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    Unidentified IAEA inspectors and Iranian technicians are on hand to cut the connections between the twin cascades for 20 percent uranium enrichment at Natanz facility, some 200 miles (322 kilometers) south of the Iranian capital Tehran, Jan. 20, 2014

    Tehran Reiterates 'Access to Military Sites is Not Part of Nuclear Deal'

    © AP Photo / IRNA, Kazem Ghane
    Middle East
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    Behrouz Kamalvandi, spokesman for the Atomic Energy Organization of Iran, has confirmed Tehran's adherence to the demands of the International Atomic Energy Agency (IAEA).

    "No one in Iran will permit the IAEA [International Atomic Energy Agency] access to military sites, such access is not part of the nuclear deal, the additional protocol or its safeguard agreement," Spokesman for the Atomic Energy Organization of Iran Behrouz Kamalvandi said, adding that Tehran is in complete compliance with the IAEA.

    His remarks came a few days after US President Donald Trump warned that Washington will withdraw from the Iran nuclear deal unless the EU fails to fix the agreement's "disastrous flaws." He said that both parties in the US Congress must work together to produce a bill demanding "that Iran allow immediate inspections at all sites" requested by IAEA officials.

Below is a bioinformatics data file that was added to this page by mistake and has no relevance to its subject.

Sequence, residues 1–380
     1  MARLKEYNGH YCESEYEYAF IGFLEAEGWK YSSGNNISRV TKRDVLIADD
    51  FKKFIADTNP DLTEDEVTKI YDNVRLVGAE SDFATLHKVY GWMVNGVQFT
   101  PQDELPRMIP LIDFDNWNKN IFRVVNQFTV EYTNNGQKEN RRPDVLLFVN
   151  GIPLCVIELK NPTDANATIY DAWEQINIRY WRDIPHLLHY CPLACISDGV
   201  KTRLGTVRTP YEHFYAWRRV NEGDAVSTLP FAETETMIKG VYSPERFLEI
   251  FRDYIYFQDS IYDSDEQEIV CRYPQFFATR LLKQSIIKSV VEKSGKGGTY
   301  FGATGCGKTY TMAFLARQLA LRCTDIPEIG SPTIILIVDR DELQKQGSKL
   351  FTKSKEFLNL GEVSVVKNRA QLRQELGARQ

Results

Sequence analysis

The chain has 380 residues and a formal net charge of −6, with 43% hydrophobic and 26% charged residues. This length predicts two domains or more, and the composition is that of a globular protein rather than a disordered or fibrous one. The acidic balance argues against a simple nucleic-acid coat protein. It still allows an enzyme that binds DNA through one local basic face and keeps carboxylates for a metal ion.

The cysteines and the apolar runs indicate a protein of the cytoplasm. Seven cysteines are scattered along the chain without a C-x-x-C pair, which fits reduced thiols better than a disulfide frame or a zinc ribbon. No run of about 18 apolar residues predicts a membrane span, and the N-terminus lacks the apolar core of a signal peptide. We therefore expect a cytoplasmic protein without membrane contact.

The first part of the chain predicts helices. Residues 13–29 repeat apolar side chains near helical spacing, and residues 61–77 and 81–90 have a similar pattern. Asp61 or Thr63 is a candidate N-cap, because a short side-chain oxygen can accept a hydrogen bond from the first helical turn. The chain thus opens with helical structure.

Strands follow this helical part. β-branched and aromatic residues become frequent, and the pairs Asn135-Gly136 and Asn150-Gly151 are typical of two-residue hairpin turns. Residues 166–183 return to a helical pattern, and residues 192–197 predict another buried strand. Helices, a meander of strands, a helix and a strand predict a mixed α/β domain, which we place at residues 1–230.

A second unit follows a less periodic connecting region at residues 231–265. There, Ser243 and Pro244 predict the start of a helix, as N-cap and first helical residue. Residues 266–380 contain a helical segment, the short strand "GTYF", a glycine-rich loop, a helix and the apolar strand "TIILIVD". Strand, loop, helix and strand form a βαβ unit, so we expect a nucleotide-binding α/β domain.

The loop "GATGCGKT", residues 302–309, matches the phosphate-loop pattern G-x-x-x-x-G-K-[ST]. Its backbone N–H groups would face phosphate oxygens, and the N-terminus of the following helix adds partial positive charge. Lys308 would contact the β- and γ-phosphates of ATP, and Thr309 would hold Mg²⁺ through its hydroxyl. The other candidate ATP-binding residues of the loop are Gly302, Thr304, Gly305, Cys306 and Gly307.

IAEA flag flatters in the wind in front of the International Atomic Energy Agency headquarers in Vienna. File photo
    © AFP 2019 / JOE KLAMAR
    IAEA flag flatters in the wind in front of the International Atomic Energy Agency headquarers in Vienna. File photo

    He said that he would allow for the anti-Iranian sanctions to be suspended for another 120 days while his country negotiates a fix with Europe for the Iran nuclear deal.

    On Monday, Russian Foreign Minister Sergei Lavrov reiterated Moscow's adherence to the Iran nuclear deal, adding that Moscow will not back the US moves to include terms unacceptable for Tehran into the deal.

    Last week, French President Emmanuel Macron underscored his country's commitment to the agreement, something that was also supported by top diplomats of Germany, China and Britain as well as EU foreign policy chief Federica Mogherini.

    As for the US, Trump said in October that his administration had decided not to certify that Iran was in compliance with the accord, in what was criticized by Tehran. The Trump administration actually remains the only side which is displeased with the Iran nuclear agreement.

    READ MORE: 'Finish Line'? Trump 'to Fix or Cancel' Iran Nuke Deal Next Week — Tillerson

    The Joint Comprehensive Plan of Action (JCPOA), also known as the Iran nuclear deal, was signed in 2015 by Iran and the 5+1 group, including China, France, Russia, the United Kingdom, the United States and Germany.

    READ MORE: US 'Endangering People All Over the World' With Threat to Dump Iran Nuke Deal

    The JCPOA stipulates that Iran will significantly restrict its uranium-enrichment activities in exchange for scrapping nuclear-related sanctions against Tehran.


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